Tech Brief: Week in Review & What's Ahead

Week In Review

AT&T-Time Warner merger

The pending merger between AT&T Inc. and Time Warner Inc. came under increasing scrutiny. Senate Judiciary Committee Chairman Chuck Grassley (R-Iowa) said his panel will open a “robust review” into how the merger would impact consumers, while the Antitrust Subcommittee said it will hold a Dec. 7 hearing on the proposed $85 billion takeover. Chief executives from both companies are expected to testify.

Sen Bernie Sanders (I-Vt.) called on the Justice Department to block the merger, saying the “gross concentration of power” in the media sphere could stifle competition and decrease diversity of content.

Former U.S. Attorney General Michael Mukasey and former FCC Commissioner Robert McDowell said regulators should sign off on the planned merger, with both Republicans arguing that vertical integrations of this nature are typically approved and that the deal could enhance competition.

Federal Communications Commission Chairman Tom Wheeler would not speculate on questions about the agency’s potential role in approving or denying the merger. Republican Commissioners Ajit Pai and Michael O’Rielly also declined to discuss the matter in detail.

FCC actions

The FCC passed new privacy rules pertaining to internet service providers, mandating that companies receive explicit consent from consumers before using web browsing or app usage history for marketing purposes.

An industry-led task force to combat robocalls unveiled an education campaign aimed at giving Americans information on how to protect themselves from fraudulent and harassing phone calls.

Distributed denial of service attack

Director of National Intelligence James Clapper said the Oct. 21 distributed denial of service attack that targeted large swaths of the internet across the United States does not appear to have been orchestrated by a foreign government. Dyn, the internet infrastructure company targeted by the attack, said the cyberattack was directed by the “Mirai” botnet, which hijacked approximately 100,000 “Internet of Things” devices, sending overwhelming amounts of traffic to Dyn’s managed domain name service platform.

Chinese electronics firm Hangzhou Xiongmai issued a recall for its webcams that were hijacked as part of the attack. The devices’ easy-to-guess default passwords made them particularly vulnerable to the Mirai botnet.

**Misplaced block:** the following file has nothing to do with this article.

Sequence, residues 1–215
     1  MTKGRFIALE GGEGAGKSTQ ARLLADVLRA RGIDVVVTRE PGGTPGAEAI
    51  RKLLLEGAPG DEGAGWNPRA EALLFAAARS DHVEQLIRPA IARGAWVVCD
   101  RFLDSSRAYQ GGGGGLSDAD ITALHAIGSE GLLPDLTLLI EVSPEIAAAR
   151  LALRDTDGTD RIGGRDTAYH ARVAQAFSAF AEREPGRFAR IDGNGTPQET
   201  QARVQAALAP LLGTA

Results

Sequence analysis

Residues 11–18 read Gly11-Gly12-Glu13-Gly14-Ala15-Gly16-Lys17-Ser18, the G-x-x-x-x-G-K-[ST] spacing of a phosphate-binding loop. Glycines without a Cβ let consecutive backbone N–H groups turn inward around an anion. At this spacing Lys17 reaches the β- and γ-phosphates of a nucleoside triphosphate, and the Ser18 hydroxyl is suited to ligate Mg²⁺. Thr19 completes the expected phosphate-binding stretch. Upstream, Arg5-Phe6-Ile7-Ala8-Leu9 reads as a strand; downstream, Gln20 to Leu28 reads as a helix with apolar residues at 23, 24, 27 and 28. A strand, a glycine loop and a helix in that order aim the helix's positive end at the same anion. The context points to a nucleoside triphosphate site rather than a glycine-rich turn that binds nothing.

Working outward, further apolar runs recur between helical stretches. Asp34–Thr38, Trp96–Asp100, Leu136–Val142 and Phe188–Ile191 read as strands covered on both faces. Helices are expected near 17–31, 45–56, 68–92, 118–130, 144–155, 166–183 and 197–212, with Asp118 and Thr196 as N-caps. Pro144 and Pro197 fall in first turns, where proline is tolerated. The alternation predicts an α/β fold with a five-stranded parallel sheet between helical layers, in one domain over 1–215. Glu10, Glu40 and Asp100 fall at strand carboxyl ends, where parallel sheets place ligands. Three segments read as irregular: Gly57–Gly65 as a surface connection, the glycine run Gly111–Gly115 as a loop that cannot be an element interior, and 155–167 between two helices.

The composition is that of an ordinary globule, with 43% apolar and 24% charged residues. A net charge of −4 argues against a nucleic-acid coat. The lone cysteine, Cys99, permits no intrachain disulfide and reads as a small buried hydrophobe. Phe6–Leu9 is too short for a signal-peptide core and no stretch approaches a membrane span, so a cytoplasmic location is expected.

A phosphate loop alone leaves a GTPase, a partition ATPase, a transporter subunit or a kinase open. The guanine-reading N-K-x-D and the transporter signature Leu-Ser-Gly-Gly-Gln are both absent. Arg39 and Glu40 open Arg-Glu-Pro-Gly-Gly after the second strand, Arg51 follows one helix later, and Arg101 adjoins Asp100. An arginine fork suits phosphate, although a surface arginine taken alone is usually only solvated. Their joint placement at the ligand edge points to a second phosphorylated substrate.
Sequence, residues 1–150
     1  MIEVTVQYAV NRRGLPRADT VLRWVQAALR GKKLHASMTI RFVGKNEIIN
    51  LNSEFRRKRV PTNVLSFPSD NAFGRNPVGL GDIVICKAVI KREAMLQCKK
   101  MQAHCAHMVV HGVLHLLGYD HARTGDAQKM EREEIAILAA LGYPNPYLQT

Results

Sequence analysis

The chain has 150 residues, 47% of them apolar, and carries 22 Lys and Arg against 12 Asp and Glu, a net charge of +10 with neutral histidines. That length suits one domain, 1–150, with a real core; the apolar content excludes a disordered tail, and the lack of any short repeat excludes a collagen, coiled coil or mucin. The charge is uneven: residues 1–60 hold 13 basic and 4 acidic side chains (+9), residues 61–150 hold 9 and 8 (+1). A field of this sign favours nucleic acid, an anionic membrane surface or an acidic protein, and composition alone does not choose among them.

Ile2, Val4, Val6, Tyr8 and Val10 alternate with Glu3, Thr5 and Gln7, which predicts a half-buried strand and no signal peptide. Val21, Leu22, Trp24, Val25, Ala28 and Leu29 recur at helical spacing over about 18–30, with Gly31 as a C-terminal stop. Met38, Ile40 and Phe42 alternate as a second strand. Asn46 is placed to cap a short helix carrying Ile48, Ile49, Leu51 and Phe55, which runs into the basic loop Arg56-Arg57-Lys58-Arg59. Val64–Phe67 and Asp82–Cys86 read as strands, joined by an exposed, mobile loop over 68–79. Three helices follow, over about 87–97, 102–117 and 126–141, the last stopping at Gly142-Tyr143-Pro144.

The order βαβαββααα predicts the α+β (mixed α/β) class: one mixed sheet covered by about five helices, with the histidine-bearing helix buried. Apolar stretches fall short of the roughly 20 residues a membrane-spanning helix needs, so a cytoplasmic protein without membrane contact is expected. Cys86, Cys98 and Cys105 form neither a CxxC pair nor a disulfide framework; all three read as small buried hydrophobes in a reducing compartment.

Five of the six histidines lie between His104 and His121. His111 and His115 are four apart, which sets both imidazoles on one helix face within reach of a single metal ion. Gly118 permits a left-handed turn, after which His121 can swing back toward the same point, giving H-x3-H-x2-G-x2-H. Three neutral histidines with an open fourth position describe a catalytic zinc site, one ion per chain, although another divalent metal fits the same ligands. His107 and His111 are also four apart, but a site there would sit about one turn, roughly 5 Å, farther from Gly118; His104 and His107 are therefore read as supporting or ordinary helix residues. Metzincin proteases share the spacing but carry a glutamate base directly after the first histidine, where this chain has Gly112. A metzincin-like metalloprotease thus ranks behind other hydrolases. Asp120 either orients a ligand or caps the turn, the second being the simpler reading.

What’s Ahead

Congress is out of session until the week of Nov. 14.

The pending merger between AT&T and Time Warner is expected to face continued scrutiny, but it’s unclear whether Time Warner possesses any licenses that fall under the FCC’s purview. If so, the agency will likely play a role in reviewing the proposed merger. Unlike the Justice Department — which is focused on possible anti-competitive effects stemming from the acquisition — the FCC must determine whether the deal is beneficial to consumers.

The FCC plans to vote on business data services regulations on Nov. 17. The rules would place new price caps on older technology used to facilitate ATM and retail transactions, while taking a “light-touch” regulatory approach to newer, Ethernet-based BDS technology.

Mark Your Calendars (All Eastern Times)

Morning Consult Tech Top Reads

1) Top spy: Friday internet outage likely not caused by foreign power
Julian Hattem, The Hill

2) Russian charged by US in connection with cyber attacks
Kara Scannell, Financial Times

3) FCC passes privacy rules that could cloud AT&T’s Time Warner deal
Margaret Harding McGill and Alex Byers, Politico

4) Tech privacy ally Feingold leads in Wisconsin Senate race
Dustin Volz, Reuters

5) Key GOP chairman calls for ‘robust review’ of AT&T-Time Warner deal
David McCabe, The Hill

6) Webcams used to attack Reddit and Twitter recalled
BBC News

7) AT&T/Time Warner seems headed for FCC review, whether AT&T likes it or not
Jon Brodkin, Ars Technica

8) Uber Outlines Vision for Flying Cars
Eric Newcomer, Bloomberg News

9) Warren wing wants Clinton to crack down on Apple, Google and Amazon
Tony Romm, Politico

10) Hackers Used New Weapons to Disrupt Major Websites Across U.S.
Nicole Perlroth, The New York Times